This scoping review shows that Web-based, interactive, and person-centered ACP programs are mainly developed and evaluated in the United States. The Web-based programs contained the key elements of ACP, such as discussing and documenting goals and preferences for future care. In general, studies report that Web-based ACP programs tend to be feasible. Only 13 studies measured the programs’ effectiveness, and they showed significant improvement in ACP knowledge, communication, and documentation. The key outcome of ACP—concordance between preferred and received treatment and care—is yet understudied. Studies with high-quality study designs in diverse cultural contexts on feasibility and effectiveness are warranted to further establish the effectiveness of important outcomes. Furthermore, it is unknown how programs are used in practice, including attitudes of health care professionals toward Web-based ACP programs.

    Overall, we conclude that Web-based, interactive, and person-centered ACP programs are promising to support patients in ACP. Web-based ACP programs may improve accessibility to ACP, allowing people to start with ACP in their own time and environment. Web-based ACP programs may, therefore, help to overcome the time and emotional barriers in the initiation of ACP and to scale up ACP.

    Acknowledgments

    This study was funded by the Netherlands Organization for Health Research and Development. The authors thank Gerdien de Jonge, Wichor Bramer, Sabrina Gunput, and Elise Krabbendam (biomedical information specialists, Medical Library, Erasmus MC) for their support in literature searching.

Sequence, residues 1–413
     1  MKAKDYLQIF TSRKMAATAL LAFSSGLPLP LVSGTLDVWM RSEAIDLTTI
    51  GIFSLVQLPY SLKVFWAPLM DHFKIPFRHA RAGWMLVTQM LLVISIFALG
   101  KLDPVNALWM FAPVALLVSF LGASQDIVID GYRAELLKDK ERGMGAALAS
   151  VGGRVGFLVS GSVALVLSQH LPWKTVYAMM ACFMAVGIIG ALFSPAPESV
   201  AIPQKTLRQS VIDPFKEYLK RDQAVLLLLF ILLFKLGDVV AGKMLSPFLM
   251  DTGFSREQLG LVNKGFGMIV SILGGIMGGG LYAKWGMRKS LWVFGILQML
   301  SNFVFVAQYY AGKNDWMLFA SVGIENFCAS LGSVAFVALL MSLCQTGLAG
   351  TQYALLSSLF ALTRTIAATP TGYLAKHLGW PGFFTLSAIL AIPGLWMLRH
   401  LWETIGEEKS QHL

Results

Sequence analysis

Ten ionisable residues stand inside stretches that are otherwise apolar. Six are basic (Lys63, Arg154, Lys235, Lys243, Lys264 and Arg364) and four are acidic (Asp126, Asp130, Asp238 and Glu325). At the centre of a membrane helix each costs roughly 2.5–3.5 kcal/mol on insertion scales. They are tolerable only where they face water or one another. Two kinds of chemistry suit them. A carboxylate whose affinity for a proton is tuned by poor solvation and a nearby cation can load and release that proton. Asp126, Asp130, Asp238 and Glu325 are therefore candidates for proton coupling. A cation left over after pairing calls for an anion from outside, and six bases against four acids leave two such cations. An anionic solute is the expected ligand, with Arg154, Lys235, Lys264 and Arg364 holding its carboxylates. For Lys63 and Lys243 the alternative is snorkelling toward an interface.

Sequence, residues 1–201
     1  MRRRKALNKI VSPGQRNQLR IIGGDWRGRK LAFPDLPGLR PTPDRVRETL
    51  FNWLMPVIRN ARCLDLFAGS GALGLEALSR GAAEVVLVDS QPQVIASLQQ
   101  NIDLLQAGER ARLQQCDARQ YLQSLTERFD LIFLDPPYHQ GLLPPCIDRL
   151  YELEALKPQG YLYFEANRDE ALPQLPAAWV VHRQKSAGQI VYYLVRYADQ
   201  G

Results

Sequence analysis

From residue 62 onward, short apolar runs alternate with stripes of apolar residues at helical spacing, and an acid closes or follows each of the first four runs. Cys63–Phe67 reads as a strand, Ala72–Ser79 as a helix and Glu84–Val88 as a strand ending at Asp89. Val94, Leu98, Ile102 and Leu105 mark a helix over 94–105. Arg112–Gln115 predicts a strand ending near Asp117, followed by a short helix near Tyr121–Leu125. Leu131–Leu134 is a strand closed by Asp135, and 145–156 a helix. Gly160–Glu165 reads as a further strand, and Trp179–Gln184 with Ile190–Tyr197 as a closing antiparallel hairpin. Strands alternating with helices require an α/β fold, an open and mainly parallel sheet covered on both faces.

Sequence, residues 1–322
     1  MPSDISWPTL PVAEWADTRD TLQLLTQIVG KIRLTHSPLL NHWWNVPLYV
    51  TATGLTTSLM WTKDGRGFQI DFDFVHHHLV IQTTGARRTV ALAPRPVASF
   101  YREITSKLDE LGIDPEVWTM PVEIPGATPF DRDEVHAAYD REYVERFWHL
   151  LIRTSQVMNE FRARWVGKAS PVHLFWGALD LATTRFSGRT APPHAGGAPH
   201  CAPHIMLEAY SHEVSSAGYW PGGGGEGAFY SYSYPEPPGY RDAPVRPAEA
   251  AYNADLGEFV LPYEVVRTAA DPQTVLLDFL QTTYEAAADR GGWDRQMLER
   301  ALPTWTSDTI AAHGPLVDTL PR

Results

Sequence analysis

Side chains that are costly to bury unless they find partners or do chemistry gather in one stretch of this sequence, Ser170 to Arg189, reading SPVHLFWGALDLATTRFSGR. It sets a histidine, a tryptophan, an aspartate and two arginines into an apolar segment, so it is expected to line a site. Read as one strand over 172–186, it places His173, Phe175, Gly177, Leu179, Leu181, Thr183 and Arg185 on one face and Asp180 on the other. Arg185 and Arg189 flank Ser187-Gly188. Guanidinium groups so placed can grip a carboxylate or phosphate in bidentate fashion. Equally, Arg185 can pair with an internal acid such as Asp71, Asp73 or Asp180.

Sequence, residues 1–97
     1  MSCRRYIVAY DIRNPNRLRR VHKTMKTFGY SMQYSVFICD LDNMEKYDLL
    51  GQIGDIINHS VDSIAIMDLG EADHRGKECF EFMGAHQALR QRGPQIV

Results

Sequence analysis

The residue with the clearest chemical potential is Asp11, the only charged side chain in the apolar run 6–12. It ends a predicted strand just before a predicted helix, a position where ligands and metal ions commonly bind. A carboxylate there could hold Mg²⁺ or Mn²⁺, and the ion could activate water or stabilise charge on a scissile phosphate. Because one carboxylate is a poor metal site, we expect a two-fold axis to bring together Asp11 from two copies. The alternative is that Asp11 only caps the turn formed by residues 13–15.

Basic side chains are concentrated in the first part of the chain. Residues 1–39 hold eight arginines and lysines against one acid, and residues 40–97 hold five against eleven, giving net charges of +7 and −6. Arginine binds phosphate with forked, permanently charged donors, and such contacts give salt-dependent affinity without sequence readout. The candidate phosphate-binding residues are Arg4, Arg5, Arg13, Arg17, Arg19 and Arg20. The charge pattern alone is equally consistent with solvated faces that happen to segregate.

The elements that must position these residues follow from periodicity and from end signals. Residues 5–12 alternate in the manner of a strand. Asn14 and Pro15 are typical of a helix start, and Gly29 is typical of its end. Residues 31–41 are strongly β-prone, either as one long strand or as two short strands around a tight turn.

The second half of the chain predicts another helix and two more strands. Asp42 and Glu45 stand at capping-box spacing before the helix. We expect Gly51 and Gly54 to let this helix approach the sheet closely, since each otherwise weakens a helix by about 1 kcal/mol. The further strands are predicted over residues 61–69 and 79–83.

Conflicts of Interest

    None declared.

    Multimedia Appendix 1

    Search strategy scoping review.

    DOCX File , 19 KB

    Multimedia Appendix 2

    Links to the Web-based advance care planning programs.

    DOCX File , 16 KB

    Multimedia Appendix 3

    Data extraction of the 27 included studies about Web-based advance care planning programs, alphabetical order of the program names and the year the article was published.

    DOCX File , 34 KB

    Multimedia Appendix 4

    Feasibility of the Web-based advance care planning programs of the quantitative studies.

    DOCX File , 20 KB

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    Abbreviations

    ACP: advance care planning
    AD: advance directive
    CONSORT-EHEALTH: Consolidated Standards of Reporting Trials of Electronic and Mobile HEalth Applications and onLine TeleHealth
    EAPC: European Association for Palliative Care
    eHealth: electronic health
    RCT: randomized controlled trial
    PREPARE: PREPARE For Your Care


    Edited by G Eysenbach; submitted 22.07.19; peer-reviewed by C Pasarelu, G Jimenez; comments to author 10.09.19; revised version received 04.11.19; accepted 16.12.19; published 17.03.20

    ©Doris van der Smissen, Anouk Overbeek, Sandra van Dulmen, Lisette van Gemert-Pijnen, Agnes van der Heide, Judith AC Rietjens, Ida J Korfage. Originally published in the Journal of Medical Internet Research (http://www.jmir.org), 17.03.2020.